“What were you thinking?” she repeated, her voice now thundering through the ER, despite the pandemonium swelling around us. Lives were at stake left and right, and she clearly wasn’t going to let me get out of this. I couldn’t even muster a whisper, knowing that my intern, who had nodded so trustingly at my earlier pronouncements, was standing not four inches from me. Scrub-clad bodies were jostling against me in the cramped space of the ER, but I felt a gulf widen around me, as though I’d just lost control of my bladder and was standing in an ever-growing puddle of mortification. My cognitive functions ground to a halt, and for the life of me I could not produce a monosyllabic response, much less an intelligent explanation.

Ofri, Danielle (2013-06-04). What Doctors Feel: How Emotions Affect the Practice of Medicine (p. 126). Beacon Press. Kindle Edition.

The story leads into a discussion about shame and the experience of failing. However, what I was also waiting to learn about was about the experience of verbally assaulting a trainee (student, colleague) and the impact of being verbally assaulted, but it never came.

Even later, as the author describes seeing her supervising resident in another context later in life (as a fellow patient, both waiting to give birth), there was no discussion of closure or evaluation of this incident as perhaps the bigger failure.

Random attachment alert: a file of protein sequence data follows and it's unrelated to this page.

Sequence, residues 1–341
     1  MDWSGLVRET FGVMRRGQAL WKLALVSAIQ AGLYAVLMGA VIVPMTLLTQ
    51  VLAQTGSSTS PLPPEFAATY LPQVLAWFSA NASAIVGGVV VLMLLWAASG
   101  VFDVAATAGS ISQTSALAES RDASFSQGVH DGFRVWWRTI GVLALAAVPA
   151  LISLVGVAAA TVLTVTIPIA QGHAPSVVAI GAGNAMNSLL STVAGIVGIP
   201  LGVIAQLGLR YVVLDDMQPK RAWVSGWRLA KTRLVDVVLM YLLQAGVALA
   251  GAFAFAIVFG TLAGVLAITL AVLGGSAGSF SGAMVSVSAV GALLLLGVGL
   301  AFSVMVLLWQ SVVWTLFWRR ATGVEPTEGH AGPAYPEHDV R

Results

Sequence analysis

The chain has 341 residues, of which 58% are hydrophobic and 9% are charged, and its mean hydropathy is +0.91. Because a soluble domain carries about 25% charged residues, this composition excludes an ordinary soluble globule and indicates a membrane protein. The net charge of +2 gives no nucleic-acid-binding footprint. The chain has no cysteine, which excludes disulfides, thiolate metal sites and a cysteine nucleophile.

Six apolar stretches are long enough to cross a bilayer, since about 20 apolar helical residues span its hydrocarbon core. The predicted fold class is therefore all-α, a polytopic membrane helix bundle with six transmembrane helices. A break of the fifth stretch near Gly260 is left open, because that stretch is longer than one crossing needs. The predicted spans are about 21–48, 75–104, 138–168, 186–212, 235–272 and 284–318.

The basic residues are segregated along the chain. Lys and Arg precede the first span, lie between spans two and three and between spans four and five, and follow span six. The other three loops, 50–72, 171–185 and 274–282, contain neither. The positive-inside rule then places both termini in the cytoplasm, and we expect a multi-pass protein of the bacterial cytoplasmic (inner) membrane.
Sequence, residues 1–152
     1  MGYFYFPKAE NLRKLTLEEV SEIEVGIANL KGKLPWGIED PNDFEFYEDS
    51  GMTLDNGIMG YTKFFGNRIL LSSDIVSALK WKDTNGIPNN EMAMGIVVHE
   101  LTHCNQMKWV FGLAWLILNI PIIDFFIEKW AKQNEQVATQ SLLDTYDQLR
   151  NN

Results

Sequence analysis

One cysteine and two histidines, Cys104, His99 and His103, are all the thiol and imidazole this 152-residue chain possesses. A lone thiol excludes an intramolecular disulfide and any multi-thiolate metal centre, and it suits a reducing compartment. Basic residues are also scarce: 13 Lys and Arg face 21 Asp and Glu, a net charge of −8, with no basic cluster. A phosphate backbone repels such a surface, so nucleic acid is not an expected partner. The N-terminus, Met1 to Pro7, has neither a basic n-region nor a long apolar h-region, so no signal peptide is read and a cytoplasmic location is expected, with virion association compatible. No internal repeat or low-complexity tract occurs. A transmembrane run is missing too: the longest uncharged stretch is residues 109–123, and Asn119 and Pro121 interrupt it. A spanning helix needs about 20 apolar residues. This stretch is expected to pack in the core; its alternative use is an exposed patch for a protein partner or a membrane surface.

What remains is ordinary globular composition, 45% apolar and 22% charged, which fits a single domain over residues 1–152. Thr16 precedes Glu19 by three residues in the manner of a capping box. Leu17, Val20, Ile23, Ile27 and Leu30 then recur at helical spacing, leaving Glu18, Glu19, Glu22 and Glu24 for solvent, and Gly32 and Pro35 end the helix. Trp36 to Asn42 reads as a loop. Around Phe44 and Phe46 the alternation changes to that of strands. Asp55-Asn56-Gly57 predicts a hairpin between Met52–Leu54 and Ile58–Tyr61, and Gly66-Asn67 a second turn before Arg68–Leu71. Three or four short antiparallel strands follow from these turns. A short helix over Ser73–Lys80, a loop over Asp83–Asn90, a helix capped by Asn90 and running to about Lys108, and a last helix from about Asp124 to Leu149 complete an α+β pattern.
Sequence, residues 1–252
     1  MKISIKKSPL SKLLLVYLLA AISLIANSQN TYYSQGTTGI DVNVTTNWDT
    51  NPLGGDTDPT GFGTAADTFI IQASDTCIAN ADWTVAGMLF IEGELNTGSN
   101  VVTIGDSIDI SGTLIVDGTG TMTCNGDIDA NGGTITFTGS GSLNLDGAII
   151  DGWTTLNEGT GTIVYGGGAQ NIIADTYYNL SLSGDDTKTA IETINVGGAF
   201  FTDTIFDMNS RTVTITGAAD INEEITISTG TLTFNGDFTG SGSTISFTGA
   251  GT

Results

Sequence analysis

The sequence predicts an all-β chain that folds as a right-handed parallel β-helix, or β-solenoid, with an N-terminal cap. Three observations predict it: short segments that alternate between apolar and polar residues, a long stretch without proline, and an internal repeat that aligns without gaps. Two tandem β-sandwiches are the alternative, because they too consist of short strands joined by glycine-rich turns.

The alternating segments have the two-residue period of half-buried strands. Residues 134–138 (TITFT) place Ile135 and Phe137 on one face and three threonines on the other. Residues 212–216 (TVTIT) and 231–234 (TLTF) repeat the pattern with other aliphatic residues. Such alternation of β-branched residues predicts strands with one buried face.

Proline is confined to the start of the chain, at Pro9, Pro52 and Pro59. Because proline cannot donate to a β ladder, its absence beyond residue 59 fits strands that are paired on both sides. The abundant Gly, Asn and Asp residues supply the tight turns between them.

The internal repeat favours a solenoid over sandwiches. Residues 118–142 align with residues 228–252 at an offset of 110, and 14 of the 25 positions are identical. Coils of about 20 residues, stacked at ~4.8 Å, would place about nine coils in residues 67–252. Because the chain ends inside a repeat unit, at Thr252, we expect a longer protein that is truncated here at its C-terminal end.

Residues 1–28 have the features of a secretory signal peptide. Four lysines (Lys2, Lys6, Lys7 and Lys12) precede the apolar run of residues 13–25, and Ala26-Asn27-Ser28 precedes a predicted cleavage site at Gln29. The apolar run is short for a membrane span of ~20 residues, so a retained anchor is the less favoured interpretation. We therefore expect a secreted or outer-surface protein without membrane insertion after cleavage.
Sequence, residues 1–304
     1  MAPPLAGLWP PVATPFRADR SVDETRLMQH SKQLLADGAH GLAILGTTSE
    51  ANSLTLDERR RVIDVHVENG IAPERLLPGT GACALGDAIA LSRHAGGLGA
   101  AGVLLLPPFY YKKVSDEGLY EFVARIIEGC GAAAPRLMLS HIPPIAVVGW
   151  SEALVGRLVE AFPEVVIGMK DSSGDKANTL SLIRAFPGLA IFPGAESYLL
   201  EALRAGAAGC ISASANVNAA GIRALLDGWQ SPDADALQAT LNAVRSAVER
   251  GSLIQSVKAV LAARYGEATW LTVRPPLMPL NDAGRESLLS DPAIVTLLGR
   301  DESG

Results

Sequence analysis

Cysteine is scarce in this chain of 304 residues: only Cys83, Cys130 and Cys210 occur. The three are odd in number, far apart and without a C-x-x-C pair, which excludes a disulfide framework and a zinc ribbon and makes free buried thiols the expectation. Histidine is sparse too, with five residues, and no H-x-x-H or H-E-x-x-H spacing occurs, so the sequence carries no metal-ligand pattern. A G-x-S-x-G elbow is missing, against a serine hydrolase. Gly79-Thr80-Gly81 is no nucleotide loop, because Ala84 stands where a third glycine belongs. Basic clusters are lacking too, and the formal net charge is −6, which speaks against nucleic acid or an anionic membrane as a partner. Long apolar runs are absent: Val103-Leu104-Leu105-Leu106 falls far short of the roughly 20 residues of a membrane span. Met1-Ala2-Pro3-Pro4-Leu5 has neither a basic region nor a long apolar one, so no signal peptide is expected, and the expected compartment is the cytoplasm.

As I was reading this, I paged back through my mind at the times I may have been treated similarly or seen similar treatment in my career, and I keep coming back to those incidents as the failures, rather than the missed medication or some other things I have seen that are out of scope for this blog post. Some humans are able to cope and adapt over time (including via writing books) and some are unable. As I’ve said previously, some are misfits, some “fit in.” Which is better….this story helps answer that question.

This is not the patients’ fault, and to an extent, it is not their problem to solve, especially since they didn’t create it, and it’s all unnecessary. As the proctor for one of my board exams once said to a huge auditorium full of us medical students once, “Remember in your careers that it takes just as much energy to be nice as it does to be mean.” And I remembered. Actually, she was wrong. It takes more energy to be mean.

“It is better to fail at your own dharma than to succeed at the dharma of someone else.”

Interestingly, another influential person in my life (@KristinJuel) referred this book, Stephen Cope, The Great Work of Your Life: A Guide for the Journey to Your True Calling, to me at the same time, which I read concurrently, and where there’s significant crossover.